There is, therefore, no time to lose. Dances of all the tribes should be accurately recorded as soon as possible, for fear that in the not distant future they may become altogether extinct; or at least may share a fate similar to that of most of the Indian music now heard on the concert stage—native melody so diluted by the admixture of vocal, instrumental, and harmonic elements supplied by the white musician, as to be virtually denatured. Such use of folk-music has, of course, its rightful and important place in the art of the cultured composer or performer. Its effects are, indeed, often beautiful and inspiring in the case of the free employment of Indian thematic material —however much it may tend to obscure the traditions of authentic native music.

The purely musical element of the Indian’s composite art of dance and song has fared better at the hands of scholars than has the element of body movement. Hundreds, thousands, of native tunes of tribes in many parts of the country have been recorded by musicians specially fitted for the task. The melodies have been transcribed by them in as accurate a form as present musical notation permits. Supplementing the work, phonograph records have been made at first hand, by means of which not only the melodic content but the tone-quality and the style have been reproduced with absolute fidelity. Thus a great body of pure, authentic Indian song has been preserved in permanent form. The world’s debt of gratitude to these single-hearted musicians becomes the greater in view of the seemingly inevitable passing of the aboriginal American.

It is to be hoped that laborers in the field of Indian research will ultimately be moved to do as much in the case of Indian dance-art. Hitherto, efforts in this direction have been confined chiefly to the ritualistic, the symbolic, the musical, and the dramatic elements of Indian ceremonial; in which phases profound and detailed research has been made by eminent scholars.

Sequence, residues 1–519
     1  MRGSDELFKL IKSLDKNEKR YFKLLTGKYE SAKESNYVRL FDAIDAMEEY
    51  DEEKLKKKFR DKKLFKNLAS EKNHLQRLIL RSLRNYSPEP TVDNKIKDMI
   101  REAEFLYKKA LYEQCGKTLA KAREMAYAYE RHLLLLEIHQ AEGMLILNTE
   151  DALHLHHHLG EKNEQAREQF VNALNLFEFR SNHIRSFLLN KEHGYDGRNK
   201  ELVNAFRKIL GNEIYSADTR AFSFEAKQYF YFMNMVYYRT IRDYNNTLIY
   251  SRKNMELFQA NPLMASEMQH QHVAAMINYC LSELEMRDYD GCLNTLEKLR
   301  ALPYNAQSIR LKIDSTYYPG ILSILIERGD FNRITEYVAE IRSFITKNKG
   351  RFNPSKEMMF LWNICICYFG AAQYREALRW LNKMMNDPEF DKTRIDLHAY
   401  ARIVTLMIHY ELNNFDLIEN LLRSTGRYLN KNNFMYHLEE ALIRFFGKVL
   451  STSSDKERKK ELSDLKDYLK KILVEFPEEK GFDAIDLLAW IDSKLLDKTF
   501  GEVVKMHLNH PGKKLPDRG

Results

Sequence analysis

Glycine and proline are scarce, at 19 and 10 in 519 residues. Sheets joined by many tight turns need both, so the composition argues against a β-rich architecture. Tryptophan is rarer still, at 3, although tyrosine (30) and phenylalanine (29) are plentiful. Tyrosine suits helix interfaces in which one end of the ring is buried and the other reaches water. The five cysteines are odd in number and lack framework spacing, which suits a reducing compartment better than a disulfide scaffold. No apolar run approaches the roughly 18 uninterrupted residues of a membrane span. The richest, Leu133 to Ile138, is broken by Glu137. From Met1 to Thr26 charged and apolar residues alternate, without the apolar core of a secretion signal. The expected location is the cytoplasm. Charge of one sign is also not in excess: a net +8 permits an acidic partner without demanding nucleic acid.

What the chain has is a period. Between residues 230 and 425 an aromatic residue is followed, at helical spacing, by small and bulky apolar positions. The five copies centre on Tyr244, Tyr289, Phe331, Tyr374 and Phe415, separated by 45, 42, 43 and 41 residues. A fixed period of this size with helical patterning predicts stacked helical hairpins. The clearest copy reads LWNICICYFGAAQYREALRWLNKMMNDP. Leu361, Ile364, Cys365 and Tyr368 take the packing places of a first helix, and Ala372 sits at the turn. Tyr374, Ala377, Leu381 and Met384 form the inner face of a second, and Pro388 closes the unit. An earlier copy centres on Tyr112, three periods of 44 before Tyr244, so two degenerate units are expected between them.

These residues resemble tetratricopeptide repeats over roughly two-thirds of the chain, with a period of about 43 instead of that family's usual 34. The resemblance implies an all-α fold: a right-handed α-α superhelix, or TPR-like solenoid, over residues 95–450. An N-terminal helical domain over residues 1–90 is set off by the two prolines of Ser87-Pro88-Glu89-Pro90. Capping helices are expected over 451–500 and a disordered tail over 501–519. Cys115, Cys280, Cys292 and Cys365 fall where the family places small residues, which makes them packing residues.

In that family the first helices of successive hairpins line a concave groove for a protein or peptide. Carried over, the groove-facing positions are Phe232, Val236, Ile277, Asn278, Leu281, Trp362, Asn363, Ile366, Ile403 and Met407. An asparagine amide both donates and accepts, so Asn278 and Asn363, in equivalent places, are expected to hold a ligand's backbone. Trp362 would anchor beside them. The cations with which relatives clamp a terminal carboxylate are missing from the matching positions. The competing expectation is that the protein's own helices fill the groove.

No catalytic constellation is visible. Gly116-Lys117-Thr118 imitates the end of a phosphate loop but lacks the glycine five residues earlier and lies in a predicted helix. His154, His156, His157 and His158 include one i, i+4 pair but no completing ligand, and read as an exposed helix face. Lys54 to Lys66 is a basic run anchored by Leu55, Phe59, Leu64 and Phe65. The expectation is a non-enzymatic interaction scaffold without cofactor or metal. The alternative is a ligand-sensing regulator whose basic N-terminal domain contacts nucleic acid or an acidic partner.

It must be admitted that it is not easy to convey adequately by word, tune, diagram, or picture, the indefinable but distinctive mood of a dance. These aids can, nevertheless, do much to enable the student to assemble the various parts into a form that has a fair degree of fidelity to the original. Something more vivid, more dynamic, however, is needed in order to inform the substance with the spirit. There are qualities in the ceremonial dances of the Red Man that must be personally seen and heard and felt; for of them is born the elusive charm that defies analysis or description. This is true of the dance-art of any race; but especially of one so removed in thought and culture as a primitive people like the American aborigines.

Supplementing personal observation and abstract study, mechanical means are now available—or at least are rapidly being developed—that are capable of providing a very fair substitute for actual first-hand performance. Such little as has already been accomplished in this direction by moving-picture drama is at least highly suggestive of the possibilities. And this, notwithstanding the fleeting and fragmentary glimpses thus far afforded by films that are usually so speeded up that the dancers in them seem bent chiefly on scurrying out of the picture with indecent haste. With a proper application, however, of modern inventions for the synchronization of movement, sound, line, and color, it should soon be possible to reproduce Indian dances in complete and permanent form. With the aid also of slow-motion photography the technique of the art could be analyzed and thus made available to students

Sie haben das Ende dieser Vorschau erreicht. Registrieren Sie sich, um mehr zu lesen!
Seite 1 von 1

Rezensionen

Was die anderen über Native American Dance Steps denken

0
0 Bewertungen / 0 Rezensionen
Wie hat es Ihnen gefallen?
Bewertung: 0 von 5 Sternen

Leser-Rezensionen